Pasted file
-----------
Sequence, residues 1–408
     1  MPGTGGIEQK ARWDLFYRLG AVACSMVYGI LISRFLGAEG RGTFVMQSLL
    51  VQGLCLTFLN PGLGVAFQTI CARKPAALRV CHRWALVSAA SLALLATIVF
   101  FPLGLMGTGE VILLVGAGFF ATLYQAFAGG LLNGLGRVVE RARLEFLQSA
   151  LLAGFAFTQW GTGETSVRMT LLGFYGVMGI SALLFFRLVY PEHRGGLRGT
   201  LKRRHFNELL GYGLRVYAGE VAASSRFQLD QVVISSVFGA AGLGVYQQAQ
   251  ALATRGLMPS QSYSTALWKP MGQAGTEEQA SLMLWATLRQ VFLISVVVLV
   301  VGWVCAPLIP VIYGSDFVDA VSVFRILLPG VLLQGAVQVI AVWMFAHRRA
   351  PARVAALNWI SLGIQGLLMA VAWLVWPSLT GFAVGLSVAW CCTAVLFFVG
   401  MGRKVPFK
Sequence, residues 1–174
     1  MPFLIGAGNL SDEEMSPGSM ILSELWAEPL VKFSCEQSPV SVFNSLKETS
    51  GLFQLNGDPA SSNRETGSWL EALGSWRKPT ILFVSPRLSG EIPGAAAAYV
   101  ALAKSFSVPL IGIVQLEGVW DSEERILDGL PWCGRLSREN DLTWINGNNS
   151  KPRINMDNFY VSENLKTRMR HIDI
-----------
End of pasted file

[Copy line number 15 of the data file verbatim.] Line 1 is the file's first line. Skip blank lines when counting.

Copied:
   151  KPRINMDNFY VSENLKTRMR HIDI